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Unaffiliated candidate mounts congressional bid

Franklin resident Tamara Zwinak is collecting signatures in hopes of appearing on the November ballot. Donated photo Franklin resident Tamara Zwinak is collecting signatures in hopes of appearing on the November ballot. Donated photo

The five men — three Democrats, a Republican and a Libertarian — hoping to unseat Asheville Republican Congressman Mark Meadows in November will now be joined by one woman, if she can get the signatures she needs to make the ballot. 

Franklin resident Tamara Zwinak says her family has roots in the area dating back to 1723, although she grew up in California spent her career as a licensed clinical social worker in the corrections industry. 

“My entire life has been devoted to public service,” Zwinak said. 

Zwinak’s run for a county legislative position once before, during the 1990s in New York as a member of the Green Party, with which she’s no longer affiliated. 

In fact, she’s no longer affiliated with any party, and is attempting to qualify for the November elections as an unaffiliated candidate. 

That’s probably the best place for Zwinak. 

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“I’m fiscally conservative, and I used to be very socially liberal, but I’m not so much anymore,” she said, elaborating on her support of the old HB2 and her opposition to the Affordable Care Act, which lies in contrast to her support for universal health coverage.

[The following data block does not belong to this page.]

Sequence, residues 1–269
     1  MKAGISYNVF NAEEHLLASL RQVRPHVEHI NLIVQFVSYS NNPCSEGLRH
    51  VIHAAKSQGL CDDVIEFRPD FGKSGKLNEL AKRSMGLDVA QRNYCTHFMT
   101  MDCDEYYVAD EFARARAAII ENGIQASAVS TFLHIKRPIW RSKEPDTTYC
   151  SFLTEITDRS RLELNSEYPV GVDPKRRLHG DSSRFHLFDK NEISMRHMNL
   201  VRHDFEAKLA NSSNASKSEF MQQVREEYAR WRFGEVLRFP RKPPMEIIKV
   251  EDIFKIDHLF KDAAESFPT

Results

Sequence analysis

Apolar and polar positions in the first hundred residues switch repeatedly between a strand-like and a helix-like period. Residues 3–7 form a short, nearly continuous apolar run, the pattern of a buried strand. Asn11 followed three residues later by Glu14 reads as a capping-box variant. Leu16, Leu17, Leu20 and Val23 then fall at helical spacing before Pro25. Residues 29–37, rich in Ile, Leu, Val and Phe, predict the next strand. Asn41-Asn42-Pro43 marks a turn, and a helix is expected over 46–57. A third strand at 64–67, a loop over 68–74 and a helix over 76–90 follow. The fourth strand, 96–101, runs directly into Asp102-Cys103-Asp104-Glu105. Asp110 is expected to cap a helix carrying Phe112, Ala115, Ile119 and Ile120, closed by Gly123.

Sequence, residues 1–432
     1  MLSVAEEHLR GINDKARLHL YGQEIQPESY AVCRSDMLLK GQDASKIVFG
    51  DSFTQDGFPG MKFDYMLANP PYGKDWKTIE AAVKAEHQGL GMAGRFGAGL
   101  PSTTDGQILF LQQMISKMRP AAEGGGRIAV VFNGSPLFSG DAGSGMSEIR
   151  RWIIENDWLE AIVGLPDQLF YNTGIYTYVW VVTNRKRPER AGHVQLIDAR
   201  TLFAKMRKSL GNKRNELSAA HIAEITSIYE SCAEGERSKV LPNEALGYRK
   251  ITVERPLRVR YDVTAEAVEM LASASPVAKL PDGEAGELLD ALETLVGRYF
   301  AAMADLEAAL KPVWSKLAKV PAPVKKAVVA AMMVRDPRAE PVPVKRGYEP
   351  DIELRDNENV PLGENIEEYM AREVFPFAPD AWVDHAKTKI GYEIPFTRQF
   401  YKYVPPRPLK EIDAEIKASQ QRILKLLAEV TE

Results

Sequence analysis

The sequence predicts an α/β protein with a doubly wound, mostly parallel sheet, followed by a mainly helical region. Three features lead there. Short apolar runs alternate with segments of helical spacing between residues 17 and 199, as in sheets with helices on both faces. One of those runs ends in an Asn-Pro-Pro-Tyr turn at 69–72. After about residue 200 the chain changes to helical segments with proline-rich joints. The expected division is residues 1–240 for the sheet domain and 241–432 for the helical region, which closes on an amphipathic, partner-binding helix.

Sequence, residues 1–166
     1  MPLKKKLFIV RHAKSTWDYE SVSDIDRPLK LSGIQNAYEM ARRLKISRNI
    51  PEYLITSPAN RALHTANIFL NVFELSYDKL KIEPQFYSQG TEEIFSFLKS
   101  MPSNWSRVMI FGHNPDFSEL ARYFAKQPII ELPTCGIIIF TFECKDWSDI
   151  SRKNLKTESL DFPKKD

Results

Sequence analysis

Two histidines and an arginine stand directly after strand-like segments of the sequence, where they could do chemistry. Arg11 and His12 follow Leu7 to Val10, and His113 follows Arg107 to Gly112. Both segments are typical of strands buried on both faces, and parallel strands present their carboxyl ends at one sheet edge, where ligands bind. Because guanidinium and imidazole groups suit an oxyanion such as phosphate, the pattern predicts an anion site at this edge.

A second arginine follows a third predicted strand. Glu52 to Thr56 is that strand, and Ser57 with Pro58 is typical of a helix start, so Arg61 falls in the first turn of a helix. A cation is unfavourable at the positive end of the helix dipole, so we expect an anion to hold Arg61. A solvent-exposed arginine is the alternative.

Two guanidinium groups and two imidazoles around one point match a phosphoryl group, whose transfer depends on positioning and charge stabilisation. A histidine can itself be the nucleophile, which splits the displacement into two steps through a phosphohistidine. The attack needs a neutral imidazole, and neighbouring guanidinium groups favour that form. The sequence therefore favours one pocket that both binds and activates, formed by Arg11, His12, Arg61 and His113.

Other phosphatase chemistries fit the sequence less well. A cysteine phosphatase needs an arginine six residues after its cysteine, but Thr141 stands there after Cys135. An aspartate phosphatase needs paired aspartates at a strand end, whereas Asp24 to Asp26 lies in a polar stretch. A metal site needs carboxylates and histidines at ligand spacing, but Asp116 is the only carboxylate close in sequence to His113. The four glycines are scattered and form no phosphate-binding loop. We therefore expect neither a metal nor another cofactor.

As an unaffiliated candidate, Zwinak will have to collect exactly 8,013 valid signatures by May 7 to appear on the ballot.

If she does, she’ll face the winner of the Republican Primary — Meadows has token opposition from Buncombe County Republican Chuck Archerd — and the winner of the Democratic Primary between Scott Donaldson, D-Hendersonville, Phillip Price, D-Nebo and Steve Woodsmall, D-Pisgah Forest. Clifton Burton, L-Sylva, has no primary opponent. 

Like Archerd, Zwinak said part of the reason she was running was in case Meadows takes a position in the Trump administration; rumors briefly circulated about the possibility are just that, for now, but it theoretically remains a possibility. 

Zwinak wants to keep her campaign costs under $5,000 and said she’ll rely on volunteers to help gather signatures, and thinks people will support her candidacy, at least in principle. 

“Signing is not an expression of support for the candidate, but support for democracy,” she said. “Even if you don’t win there is a benefit to democracy by running or even trying to run.” 

If Zwinak doesn’t meet her goal, she said she’d instead mount a write-in campaign. 

“People are really sick and tired of all this partisan politics,” she said. “We have to have a vibrant, at least two-party system to keep our democracy healthy.”

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